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How to consolidate debts

When are debt consolidation loans the right choice?

The goal of debt consolidation is to help you manage your monthly payments, pay down what you owe, and ultimately pay off your debts.

If you are considering consolidating your debt, a good first step is to look at how much your monthly debt payments are and how much you owe in total. Next, look at your income and other money you might have to pay your debts. It can be helpful to create a budget of your monthly expenses for food, clothing, shelter, utilities, and debt payments and what you spend on dining, entertainment, hobbies, and travel.

Next, you’ll want to decide if a debt consolidation loan like a cash out refinance is the right choice for you. Depending on the amount of your debts, it might make more sense to create a debt payment budget or consider debt relief.

Working with a credit counselor can help you make the right decisions. Visit the Consumer Finance Protection Bureau’s website for information on how to find a qualified credit counselor.

When should you choose a debt consolidation loan?

Debt consolidation loans often make sense when you have moderate levels of debt—that is, debts you cannot pay off quickly with your existing income.

Debt consolidation loans let you pay off smaller debts and consolidate them into a new loan. These loans can make sense when you have high-interest debts from things like credit cards. That’s because loans like cash out refinances typically have lower interest rates than credit cards. As a result, you may be able to lower your interest payments and apply the savings to paying down your debts.

Before you choose a debt consolidation loan, make sure you can afford the new loan payment. Also look at the fees, closing costs, and interest, and decide if paying these costs makes sense to you. You will need to meet your lender’s credit, income, and financial requirements to get your loan approved.

When cash out refinances are used to consolidate debts, they are sometimes called debt consolidation mortgage refinances.

When should you choose a debt payment budget?

Debt payment budgets are often good choices when you have low levels of debt—that is, debts you can pay off quickly with your existing income. That’s because consolidation loans include costs and fees you’ll have to pay to your lender. It might make more sense to use this money to help pay off your debts instead.

Summarizing your monthly expenses can help you create a debt payment budget. Look for places where you can reduce your spending and apply the savings to paying down debts. For example, if you spend money on restaurants, you could eat at home more until you’ve paid off your debts.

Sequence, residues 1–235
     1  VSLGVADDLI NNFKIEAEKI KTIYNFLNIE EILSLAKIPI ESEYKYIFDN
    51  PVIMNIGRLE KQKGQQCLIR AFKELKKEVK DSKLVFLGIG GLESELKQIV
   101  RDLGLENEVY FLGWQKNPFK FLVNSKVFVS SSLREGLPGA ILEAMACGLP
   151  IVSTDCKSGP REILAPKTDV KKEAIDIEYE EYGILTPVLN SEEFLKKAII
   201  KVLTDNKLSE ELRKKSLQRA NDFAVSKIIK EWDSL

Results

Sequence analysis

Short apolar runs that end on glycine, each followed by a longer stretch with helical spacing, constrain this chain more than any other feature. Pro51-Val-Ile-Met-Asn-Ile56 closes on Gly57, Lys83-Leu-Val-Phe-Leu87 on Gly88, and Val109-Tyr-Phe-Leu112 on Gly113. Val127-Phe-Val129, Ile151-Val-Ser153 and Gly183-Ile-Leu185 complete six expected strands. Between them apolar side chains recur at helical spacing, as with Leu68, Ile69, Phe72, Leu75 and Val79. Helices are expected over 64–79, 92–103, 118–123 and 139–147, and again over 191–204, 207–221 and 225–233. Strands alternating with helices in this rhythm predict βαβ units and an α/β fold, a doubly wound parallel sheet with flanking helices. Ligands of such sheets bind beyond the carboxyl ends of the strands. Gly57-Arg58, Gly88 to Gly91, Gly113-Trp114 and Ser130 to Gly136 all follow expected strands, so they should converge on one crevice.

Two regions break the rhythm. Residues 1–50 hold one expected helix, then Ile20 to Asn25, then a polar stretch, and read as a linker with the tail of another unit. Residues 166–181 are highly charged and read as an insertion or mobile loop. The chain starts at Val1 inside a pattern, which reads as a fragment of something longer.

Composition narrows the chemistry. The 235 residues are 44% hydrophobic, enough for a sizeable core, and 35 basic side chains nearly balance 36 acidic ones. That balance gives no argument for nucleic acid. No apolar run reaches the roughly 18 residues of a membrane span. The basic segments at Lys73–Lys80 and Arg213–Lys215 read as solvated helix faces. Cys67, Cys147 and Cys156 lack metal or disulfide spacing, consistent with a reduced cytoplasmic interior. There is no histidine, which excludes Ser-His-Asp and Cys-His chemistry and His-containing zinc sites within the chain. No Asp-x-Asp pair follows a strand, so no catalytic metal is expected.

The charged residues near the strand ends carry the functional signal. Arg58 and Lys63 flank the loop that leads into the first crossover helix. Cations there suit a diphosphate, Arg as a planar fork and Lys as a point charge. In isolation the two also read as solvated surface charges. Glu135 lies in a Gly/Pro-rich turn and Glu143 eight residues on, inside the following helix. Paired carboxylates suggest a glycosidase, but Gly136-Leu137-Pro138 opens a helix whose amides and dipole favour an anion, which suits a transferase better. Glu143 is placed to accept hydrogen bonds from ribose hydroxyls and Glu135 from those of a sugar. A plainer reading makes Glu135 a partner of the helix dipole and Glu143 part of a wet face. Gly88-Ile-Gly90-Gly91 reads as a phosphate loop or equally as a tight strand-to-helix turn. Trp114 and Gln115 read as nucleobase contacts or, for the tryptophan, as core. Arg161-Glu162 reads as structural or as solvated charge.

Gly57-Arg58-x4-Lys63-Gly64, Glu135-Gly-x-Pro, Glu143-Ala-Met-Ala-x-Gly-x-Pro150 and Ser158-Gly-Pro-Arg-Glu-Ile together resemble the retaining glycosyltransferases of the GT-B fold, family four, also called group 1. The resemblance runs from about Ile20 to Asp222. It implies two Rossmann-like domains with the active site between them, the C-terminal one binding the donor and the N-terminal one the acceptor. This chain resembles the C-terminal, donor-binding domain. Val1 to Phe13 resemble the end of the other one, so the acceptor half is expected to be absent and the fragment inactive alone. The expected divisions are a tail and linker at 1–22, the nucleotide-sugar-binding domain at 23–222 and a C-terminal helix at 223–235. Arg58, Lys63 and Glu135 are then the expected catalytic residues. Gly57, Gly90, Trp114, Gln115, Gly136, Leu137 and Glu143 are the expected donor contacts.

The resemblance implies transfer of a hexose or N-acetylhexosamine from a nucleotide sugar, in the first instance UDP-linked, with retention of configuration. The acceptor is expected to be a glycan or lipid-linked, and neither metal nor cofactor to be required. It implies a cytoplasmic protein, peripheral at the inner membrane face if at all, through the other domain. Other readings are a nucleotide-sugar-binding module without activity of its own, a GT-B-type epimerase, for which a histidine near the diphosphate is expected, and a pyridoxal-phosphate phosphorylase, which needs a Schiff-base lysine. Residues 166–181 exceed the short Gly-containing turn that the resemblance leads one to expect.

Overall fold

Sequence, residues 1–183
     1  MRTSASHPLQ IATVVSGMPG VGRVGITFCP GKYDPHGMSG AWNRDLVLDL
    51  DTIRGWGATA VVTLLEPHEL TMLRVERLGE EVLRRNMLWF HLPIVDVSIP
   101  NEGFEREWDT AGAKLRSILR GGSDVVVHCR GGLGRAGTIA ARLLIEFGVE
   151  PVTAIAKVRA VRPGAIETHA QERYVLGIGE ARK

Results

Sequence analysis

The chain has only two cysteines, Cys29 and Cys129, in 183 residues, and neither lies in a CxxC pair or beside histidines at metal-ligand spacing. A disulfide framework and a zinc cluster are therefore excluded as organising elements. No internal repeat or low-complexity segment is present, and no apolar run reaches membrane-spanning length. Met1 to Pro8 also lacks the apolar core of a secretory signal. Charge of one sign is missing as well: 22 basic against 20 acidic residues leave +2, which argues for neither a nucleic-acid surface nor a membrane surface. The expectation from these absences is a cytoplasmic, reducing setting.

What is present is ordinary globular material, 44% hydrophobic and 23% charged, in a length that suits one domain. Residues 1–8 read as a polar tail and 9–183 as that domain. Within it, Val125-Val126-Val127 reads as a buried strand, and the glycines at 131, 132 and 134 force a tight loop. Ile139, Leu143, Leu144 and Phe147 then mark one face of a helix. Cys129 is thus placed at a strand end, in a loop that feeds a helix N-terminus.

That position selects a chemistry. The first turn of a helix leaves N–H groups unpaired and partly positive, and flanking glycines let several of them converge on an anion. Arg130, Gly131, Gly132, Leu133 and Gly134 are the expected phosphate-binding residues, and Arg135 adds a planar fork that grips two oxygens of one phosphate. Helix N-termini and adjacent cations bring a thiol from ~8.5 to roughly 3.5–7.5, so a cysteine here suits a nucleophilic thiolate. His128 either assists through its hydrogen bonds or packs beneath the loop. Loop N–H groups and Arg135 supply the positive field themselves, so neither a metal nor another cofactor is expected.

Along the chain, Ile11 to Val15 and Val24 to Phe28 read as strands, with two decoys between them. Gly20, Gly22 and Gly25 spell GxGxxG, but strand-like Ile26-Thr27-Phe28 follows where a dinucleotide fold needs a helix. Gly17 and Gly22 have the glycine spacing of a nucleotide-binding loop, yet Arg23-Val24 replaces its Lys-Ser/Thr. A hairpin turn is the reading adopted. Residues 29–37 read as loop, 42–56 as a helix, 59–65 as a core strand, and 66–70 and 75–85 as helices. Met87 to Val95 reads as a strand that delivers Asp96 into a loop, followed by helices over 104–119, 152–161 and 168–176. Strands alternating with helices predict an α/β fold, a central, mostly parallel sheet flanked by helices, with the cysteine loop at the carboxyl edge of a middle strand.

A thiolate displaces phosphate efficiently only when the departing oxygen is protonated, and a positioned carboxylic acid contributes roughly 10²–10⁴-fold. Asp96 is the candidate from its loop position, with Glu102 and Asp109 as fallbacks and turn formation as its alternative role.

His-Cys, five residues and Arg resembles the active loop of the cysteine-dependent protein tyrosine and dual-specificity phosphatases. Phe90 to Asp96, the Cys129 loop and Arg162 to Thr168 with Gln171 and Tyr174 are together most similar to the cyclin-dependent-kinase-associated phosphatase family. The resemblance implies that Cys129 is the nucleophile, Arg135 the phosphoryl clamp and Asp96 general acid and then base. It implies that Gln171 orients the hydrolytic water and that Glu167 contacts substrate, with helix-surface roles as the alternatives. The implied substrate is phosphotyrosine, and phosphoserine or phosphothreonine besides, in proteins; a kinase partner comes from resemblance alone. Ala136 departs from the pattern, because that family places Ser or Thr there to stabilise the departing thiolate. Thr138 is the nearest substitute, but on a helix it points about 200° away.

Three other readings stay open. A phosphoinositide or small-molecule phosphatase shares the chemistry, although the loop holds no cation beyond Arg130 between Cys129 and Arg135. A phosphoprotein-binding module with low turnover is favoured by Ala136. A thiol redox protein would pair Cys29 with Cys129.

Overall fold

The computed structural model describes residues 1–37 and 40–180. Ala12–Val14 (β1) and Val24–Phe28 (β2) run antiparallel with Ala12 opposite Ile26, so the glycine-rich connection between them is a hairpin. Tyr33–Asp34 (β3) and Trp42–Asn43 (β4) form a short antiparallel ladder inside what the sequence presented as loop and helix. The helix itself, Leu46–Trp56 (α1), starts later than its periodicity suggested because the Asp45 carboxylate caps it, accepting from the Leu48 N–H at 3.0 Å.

When should you think about debt relief?

When you have high levels of debt, debt relief might be your best option. Financial professionals often say you have a high level of debt when your monthly debt payments are more than 50% of your monthly gross income. For example, if your monthly income is $5,000 and your monthly debt payments are more than $2,500, you could be considered to have a high level of debt.

A high level of debt can also mean you don’t have a realistic chance of getting your debt payments under control even when you reduce your spending and get a debt consolidation loan.

Debt relief can include contacting your lenders and seeing if you can negotiate more affordable loan terms or minimum payments. You can try negotiating a reduction of the total amount you owe as well. Filing for bankruptcy is also a form of debt relief. You’ll want to think carefully about the pros and cons of bankruptcy before you choose this option, however.

Be wary of debt settlement companies especially when they make promises that sound too good to be true. These companies often charge high fees and do not deliver the results they promise. Instead consider finding a qualified credit counselor to help you understand your debt relief choices.

What’s the difference between secured and unsecured debt?

Secured debt is a loan guaranteed by collateral such as your car or your home. Unsecured debt is a loan not guaranteed by collateral. Personal loans and credit cards are examples of unsecured debt.

Secured debts often have lower interest rates compared to unsecured debt but come with the risk of the lender repossessing your car or taking ownership of your home if you fail to make your payments. As a result, financial professionals usually recommend you prioritize making payments on secured debts before you make payments on unsecured debts.

Freedom Mortgage is not a financial advisor. The ideas outlined above are for informational purposes only, are not intended as investment or financial advice, and should not be construed as such. Consult a financial advisor before making important personal financial decisions. By refinancing, the total finance charges you pay may be higher over the life of the loan.

Last reviewed and updated October 2023 by Freedom Mortgage Corporation.

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